Economists talk about short run and long run growth. Short run growth is just an increase in output (like above). Long run growth is an increase in capacity. Think about it like a school. In the short run a school can grow numbers by increasing the number of desks in the classroom but this creates problems and can’t keep going forever. Eventually they must increase the capacity of the school by building new classrooms, then they can take more students than it was possible to take before.

 

Short Run Growth

Increasing aggregate demand leads to an increase in output. This increase in AD could be caused by anything that impacts one of the components of AD (consumption spending, investment spending, government spending or an improvement in the balance of trade).

e.g:

  •  An increase in incomes
  • A fall in interest rates
  • Looser fiscal policy
  • A fall in the exchange rate

In the short run it is possible to grow by increasing demand and using more of the capacity the economy already has but unless there is lots of spare capacity in an economy – high unemployment and lots of firms underusing their machinery then there will be inflation. The closer an economy gets to full capacity the more inflation there will be when AD rises and the less increase in output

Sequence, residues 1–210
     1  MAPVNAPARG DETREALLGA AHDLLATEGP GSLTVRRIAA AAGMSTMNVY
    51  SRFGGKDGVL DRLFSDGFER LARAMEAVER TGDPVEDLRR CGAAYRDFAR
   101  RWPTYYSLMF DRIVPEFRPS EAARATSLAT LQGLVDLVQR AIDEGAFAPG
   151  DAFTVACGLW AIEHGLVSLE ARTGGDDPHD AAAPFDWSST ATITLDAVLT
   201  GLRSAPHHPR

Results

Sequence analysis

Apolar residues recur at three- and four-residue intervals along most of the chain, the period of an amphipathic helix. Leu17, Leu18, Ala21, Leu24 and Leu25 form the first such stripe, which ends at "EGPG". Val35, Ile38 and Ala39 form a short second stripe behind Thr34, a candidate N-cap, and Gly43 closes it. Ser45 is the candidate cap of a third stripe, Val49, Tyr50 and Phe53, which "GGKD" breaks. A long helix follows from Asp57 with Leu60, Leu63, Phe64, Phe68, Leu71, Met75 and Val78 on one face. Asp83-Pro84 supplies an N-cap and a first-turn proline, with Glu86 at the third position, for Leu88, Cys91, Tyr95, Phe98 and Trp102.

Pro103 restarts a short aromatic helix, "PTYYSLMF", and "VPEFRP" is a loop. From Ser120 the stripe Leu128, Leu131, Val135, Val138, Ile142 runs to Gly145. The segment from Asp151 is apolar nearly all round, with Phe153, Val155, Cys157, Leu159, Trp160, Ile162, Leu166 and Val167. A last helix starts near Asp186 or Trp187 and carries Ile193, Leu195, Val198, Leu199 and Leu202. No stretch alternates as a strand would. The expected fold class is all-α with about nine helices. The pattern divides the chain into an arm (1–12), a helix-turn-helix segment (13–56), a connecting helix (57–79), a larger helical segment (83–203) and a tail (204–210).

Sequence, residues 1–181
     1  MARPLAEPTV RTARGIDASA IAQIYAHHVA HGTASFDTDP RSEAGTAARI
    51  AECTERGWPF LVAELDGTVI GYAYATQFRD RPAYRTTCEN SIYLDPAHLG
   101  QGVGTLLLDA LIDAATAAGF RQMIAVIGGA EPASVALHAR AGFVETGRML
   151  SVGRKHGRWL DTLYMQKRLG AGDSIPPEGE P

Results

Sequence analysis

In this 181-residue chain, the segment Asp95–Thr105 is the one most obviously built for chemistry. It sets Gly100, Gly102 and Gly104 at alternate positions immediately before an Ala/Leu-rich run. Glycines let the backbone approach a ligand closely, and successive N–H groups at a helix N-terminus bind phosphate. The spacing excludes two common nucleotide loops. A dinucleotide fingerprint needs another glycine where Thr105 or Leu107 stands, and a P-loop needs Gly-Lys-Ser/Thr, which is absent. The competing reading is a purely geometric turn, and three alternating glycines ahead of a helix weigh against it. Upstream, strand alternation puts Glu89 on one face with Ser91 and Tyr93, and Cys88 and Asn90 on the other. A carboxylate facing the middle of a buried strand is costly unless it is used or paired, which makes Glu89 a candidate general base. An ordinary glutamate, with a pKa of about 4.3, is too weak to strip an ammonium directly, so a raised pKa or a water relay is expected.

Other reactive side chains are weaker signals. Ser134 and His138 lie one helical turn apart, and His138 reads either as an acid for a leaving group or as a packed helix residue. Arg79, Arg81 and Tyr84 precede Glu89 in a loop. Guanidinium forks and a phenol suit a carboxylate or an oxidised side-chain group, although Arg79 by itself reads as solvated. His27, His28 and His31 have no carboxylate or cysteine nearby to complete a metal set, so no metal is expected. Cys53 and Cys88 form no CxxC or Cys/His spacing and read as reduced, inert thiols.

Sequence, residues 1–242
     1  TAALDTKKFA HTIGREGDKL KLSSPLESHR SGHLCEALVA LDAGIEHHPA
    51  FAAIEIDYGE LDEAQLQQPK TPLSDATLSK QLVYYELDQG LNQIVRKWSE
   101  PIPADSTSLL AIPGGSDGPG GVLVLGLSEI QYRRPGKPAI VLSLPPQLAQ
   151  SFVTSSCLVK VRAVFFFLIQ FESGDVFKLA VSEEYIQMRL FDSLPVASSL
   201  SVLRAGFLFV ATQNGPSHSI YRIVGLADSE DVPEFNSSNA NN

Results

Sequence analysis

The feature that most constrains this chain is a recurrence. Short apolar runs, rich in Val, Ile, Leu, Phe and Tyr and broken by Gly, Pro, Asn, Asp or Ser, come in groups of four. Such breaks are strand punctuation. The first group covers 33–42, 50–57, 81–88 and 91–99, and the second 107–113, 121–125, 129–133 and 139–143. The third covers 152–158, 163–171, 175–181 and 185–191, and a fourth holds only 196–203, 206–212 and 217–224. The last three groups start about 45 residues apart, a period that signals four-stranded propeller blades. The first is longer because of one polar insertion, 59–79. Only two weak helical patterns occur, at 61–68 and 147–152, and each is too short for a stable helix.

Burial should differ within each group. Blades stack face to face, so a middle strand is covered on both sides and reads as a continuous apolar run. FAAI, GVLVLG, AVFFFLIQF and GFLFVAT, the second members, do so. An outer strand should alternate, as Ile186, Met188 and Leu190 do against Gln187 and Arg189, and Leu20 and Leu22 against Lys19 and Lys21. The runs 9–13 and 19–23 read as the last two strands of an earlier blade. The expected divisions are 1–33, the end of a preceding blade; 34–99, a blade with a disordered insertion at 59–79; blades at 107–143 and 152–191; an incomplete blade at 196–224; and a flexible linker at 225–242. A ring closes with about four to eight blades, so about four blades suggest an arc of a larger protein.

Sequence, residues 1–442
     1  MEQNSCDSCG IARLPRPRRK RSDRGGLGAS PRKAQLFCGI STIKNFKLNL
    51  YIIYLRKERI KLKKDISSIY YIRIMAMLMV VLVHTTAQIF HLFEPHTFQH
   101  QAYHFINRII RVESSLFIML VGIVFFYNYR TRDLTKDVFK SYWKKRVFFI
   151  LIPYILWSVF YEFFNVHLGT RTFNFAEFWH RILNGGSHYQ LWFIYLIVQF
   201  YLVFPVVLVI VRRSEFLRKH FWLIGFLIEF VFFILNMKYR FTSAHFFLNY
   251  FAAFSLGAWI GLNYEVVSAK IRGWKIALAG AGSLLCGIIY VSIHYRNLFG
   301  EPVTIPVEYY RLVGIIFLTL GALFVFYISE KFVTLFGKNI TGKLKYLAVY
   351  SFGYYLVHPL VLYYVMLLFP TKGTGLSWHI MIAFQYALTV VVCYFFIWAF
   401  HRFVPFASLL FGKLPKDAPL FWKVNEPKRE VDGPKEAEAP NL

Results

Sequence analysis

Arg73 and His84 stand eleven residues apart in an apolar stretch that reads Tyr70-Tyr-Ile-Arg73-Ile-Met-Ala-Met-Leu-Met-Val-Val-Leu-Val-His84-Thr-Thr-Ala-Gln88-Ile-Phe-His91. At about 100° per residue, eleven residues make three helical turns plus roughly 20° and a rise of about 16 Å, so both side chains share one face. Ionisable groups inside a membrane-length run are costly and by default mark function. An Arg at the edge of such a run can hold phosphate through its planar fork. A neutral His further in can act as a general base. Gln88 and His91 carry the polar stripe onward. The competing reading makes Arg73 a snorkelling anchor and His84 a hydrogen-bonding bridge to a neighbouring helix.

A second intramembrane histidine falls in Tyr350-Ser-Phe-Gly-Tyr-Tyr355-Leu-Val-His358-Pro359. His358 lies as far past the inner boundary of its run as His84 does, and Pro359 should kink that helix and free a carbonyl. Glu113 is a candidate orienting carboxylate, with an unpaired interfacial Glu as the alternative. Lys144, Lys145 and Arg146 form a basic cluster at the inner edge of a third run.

Short Run AS/AD Diagram showing economic growth

 

Long Run Growth

Long run growth is caused by increasing the productive capacity of an economy. This is show by shifting the PPF or long run aggregate supply curve right. It is more desirable than short run growth as it is possible to continually grow this way without inflation.

Long run growth can be achieved by improving or increasing on of the factors of production. For example:

  • Finding new resources such as oil
  • Training the workforce better or increasing its size through immigration
  • Investing in more capital/infrastructure or researching and developing new types.

It is more sustainable than short run growth and does not cause inflation but most supply-side policies are very slow to take effect and the spending required may create even more inflation in the short run.

Classical Long Run AS/AD Diagram showing economic growth

Published in The National Economy